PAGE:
New York Mets

After struggles from Matt Harvey and Jacob DeGrom, Noah Syndergaard was determined to dictate the at bats in game 3.

By Gregg Cambareri

On a breezy and crisp October evening, New York Mets pitcher Noah Syndergaard made sure his message was clear to the Kansas City Royals: We’re not backing down.

His first pitch was a high 90s fastball near the upper body of Alcides Escobar, and the tone for Game 3 was set.

The Royals disciplined, but aggressive approach, was a big reason why they were able to rough up hurlers Matt Harvey and Jacob deGrom in the first two games of the World Series.

Syndergaard wanted to make the Kansas City lineup uncomfortable, and wasted no time doing so on the game’s first pitch.

Escobar, who swung at the first two pitches in games 1 and 2, received a little chin music in game 3.

Royals third baseman Mike Moustakas was clearly upset with the game’s first offering.

You can certainly understand why Moustakas felt irritated, but let’s be honest, the Mets weren’t going to let the Royals dictate at bats like they had in the previous two games.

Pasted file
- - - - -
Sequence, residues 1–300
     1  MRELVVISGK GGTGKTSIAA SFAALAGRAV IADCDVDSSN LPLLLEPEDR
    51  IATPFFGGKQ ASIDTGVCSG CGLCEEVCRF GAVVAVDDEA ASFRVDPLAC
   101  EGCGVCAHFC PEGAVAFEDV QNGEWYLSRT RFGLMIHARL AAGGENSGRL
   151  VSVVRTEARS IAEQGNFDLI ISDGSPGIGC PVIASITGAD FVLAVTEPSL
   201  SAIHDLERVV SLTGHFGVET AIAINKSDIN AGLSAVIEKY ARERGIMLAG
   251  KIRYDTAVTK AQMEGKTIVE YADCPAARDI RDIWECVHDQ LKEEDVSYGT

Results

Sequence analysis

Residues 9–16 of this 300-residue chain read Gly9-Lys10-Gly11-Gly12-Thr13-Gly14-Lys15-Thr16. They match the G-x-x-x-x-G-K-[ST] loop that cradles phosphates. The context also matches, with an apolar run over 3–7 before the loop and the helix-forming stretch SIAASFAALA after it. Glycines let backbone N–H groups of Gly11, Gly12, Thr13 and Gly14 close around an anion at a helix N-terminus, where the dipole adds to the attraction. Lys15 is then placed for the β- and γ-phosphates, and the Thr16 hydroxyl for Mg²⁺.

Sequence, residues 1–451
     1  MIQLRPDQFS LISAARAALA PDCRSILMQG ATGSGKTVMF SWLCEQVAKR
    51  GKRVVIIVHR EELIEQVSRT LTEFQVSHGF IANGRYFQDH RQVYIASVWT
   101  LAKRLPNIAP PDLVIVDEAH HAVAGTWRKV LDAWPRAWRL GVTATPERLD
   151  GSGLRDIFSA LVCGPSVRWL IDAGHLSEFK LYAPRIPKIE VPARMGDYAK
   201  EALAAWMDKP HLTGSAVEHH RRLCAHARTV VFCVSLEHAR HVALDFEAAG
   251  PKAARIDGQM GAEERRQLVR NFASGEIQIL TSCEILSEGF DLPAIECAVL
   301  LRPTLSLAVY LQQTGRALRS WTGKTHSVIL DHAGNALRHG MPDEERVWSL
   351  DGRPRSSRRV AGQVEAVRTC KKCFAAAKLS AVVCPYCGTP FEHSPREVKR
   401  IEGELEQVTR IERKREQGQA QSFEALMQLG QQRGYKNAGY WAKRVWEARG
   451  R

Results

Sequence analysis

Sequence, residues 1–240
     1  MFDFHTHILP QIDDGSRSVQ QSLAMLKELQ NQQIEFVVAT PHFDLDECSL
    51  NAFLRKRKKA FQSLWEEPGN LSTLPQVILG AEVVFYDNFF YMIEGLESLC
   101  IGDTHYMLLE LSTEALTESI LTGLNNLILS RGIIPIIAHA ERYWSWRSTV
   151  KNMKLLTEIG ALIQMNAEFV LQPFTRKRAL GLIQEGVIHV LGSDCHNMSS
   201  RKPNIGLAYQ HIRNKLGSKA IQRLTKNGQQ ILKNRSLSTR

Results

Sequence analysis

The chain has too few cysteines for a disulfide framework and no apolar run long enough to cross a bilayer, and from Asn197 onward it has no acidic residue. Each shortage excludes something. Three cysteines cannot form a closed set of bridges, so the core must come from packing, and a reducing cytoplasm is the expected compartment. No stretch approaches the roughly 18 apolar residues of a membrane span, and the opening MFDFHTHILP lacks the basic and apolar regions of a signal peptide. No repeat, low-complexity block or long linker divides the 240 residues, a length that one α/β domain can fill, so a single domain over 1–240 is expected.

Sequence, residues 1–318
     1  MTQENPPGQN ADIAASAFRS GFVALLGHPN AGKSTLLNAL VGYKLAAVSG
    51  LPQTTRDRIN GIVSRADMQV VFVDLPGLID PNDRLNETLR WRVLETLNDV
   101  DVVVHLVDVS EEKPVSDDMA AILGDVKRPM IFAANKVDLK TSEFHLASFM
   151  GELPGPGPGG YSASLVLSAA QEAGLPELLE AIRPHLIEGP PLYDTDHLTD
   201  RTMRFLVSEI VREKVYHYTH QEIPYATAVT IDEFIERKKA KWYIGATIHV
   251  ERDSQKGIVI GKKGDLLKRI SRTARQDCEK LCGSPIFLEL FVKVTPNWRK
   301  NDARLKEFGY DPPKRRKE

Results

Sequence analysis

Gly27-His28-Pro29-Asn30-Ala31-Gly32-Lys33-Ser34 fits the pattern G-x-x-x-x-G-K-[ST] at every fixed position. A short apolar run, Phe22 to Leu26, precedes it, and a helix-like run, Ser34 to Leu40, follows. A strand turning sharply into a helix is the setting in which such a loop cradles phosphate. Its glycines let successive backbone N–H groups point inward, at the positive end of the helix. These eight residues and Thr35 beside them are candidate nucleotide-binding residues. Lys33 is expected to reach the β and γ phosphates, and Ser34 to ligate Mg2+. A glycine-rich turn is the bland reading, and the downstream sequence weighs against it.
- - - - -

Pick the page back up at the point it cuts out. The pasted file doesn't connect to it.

Yes, the pitch was high and tight, but Escobar wasn’t hit, wasn’t injured, and didn’t gesture towards the Mets big righty. If Escobar is going to be an aggressive hitter, then Syndergaard backing him off the plate is the perfect counter.

Let’s also take into consideration the context of the game.

The Mets trailed in the series 2-0 in a must win scenario. They had seen their aces, who have carried them most of the year, get knocked around for two straight games. Something had to change.

This is the World Series. You fight fire with fire.

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Central jersey born and bred. Monmouth University alumnus. Sports are not games, rather ways of life. Twitter: @Gcam92 Contact: